people to lose their health care, and then you have extremists who are against it because theyjust don't think there should be health insurance. it depends where you sit which group you regard as moderates in which you regard as extremists. they could say that ideological eb have a position. the point is you could have a coalition of different interests. and i think the hardliners are more likely to wind down the moderates, the moderates are fewer in number. but even if something were to come out of the senate, they now extended the legislative terms of that that could possibly happen, even if that were to happen, that is farfrom possibly happen, even if that were to happen, that is far from the end of the story. the point you made earlier, mustapha karkouti, about leadership, that the establishment has crumbled in france, the problem donald trump has a few wants to lead is that the establishment in washington still seems very much alive. very much, certainly. that is
11:47 am
his trouble there, he cannot make a lot of changes. he is against a huge wall. the establishment is still strong and sound. both parties. the idea is the establishment finds it also strange and difficult to deal with the businessman who is still running the white house as a businessman. as we all know, the man has no political experience whatsoever. parachuted into the white house to run the biggest, the most important, the most influential country in the world. and the largest economy. one could must feel sympathy for him! i think he is extremely powerful in the sense that so far the checks of the american constitution on his power have not really worked. i think it is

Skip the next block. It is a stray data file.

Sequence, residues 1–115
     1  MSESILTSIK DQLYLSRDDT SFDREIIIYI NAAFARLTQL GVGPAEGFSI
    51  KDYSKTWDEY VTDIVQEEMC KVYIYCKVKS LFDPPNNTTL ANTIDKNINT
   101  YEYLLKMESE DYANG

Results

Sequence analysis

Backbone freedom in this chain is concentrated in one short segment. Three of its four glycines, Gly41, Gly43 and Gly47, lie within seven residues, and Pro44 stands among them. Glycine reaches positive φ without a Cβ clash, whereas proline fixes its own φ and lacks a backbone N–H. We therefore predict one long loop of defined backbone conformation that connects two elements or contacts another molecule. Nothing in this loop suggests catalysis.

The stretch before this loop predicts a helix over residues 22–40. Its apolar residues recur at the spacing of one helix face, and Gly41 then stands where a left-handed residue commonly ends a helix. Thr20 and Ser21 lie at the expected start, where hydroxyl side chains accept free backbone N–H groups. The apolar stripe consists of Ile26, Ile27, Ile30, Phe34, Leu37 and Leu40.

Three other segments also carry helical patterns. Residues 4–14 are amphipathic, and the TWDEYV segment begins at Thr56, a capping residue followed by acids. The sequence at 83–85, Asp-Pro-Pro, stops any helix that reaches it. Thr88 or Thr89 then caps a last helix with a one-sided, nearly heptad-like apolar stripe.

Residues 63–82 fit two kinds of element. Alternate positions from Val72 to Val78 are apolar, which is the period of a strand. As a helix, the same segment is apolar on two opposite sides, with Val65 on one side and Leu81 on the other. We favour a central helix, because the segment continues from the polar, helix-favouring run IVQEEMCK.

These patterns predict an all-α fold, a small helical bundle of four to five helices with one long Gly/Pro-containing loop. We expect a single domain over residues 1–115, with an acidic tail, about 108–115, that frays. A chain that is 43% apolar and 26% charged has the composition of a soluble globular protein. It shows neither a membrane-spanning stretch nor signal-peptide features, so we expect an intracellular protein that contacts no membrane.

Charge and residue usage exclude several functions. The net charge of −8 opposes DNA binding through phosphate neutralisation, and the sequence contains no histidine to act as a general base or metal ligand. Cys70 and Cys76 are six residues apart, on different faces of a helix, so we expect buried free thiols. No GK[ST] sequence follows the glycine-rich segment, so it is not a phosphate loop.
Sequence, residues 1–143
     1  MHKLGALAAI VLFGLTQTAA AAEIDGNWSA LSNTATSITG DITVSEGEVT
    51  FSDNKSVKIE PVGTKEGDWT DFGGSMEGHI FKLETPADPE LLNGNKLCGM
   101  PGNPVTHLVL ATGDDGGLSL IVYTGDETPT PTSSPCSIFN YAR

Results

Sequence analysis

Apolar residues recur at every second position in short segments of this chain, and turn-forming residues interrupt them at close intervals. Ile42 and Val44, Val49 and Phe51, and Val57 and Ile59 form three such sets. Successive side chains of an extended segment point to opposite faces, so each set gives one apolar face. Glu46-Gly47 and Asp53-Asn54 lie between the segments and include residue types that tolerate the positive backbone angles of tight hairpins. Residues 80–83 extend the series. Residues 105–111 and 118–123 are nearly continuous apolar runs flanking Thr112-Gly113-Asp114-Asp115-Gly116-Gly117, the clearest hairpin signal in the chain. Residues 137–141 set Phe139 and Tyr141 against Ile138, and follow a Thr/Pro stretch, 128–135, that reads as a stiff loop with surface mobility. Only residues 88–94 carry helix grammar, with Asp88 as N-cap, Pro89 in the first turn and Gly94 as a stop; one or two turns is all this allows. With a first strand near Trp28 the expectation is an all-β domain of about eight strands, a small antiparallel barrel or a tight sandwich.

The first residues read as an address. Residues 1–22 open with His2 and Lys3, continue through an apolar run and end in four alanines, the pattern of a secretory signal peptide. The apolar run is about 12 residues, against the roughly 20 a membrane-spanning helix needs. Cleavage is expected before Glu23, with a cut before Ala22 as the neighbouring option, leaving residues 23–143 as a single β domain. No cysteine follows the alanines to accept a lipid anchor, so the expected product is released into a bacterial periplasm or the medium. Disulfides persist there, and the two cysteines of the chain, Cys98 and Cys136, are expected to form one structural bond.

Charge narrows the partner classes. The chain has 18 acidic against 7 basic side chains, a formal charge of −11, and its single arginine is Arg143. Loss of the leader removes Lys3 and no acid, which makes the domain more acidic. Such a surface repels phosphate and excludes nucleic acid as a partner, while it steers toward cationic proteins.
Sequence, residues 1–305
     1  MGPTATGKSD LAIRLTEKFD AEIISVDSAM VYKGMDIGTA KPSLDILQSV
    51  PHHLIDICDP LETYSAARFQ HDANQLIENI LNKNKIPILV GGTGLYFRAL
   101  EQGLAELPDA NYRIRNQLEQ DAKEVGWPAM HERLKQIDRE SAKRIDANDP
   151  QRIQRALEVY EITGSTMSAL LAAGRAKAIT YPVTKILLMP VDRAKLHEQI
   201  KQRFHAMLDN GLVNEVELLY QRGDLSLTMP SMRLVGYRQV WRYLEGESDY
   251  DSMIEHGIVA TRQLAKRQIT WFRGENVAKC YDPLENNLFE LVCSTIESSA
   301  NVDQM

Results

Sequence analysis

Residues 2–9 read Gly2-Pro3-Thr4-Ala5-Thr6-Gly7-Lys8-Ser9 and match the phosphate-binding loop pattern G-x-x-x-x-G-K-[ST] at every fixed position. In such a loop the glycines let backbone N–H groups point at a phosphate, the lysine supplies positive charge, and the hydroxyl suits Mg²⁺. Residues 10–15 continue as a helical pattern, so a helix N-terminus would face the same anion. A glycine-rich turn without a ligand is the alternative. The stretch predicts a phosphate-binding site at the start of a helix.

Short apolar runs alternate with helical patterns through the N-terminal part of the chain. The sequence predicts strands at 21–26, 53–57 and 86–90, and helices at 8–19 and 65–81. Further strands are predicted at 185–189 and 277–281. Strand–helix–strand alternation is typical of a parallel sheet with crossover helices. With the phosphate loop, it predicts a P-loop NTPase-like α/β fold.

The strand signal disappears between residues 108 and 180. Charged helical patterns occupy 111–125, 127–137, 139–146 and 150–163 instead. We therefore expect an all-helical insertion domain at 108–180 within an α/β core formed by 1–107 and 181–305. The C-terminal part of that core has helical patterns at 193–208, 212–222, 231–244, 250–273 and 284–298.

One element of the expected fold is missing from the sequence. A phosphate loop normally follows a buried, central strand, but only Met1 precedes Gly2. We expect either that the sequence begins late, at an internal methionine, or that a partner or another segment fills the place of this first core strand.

11:48 am
extremely worrying when we see the mixing of his private business interests, his family, the way they are all meddled in all areas of american public policy, in particular diplomacy. this is extremely worrying and is not supposed to happen in a democracy, and yet the two houses of the american congress are not saying a thing. there are no enquiries, there are no questions. there are enquiries, but there is a kind of normalcy. but he hasn't done anything. his first 100 days have been most vacant and vacuous in which nothing has happened. the checks and balances are working to some extent. he thinks he canjust order what everyone's and the result... one thing we have enquiries about is the russia connection, if there is one, and there are a lot of enquiries into that. we have it catching his family because his son had this meeting, and one of the people at the meeting was apparently a former soviet spy.
11:49 am
some are involved in soviet intelligence. and yet it doesn't seem to be hurting his popularity. more than popularity, it seems to be able to carry on. his sons who are running the business of making statements about american diplomacy. i don't think this is normal. his daughter, still in charge of a business, shows up at a 620 meeting i don't think this is normal. it should not be allowed. he is the most unpopular president for this period of time in memory. but the frustration that you are depressing is that it doesn't seem to matter. his so—called base seems to be about 40 his so—called base seems to be about a0 present, sometimes it did so little lower, but the problem is until the republican legislators believe that their own seats are threatened by trump, they are too afraid to move. so untilthe mid—term elections, that would be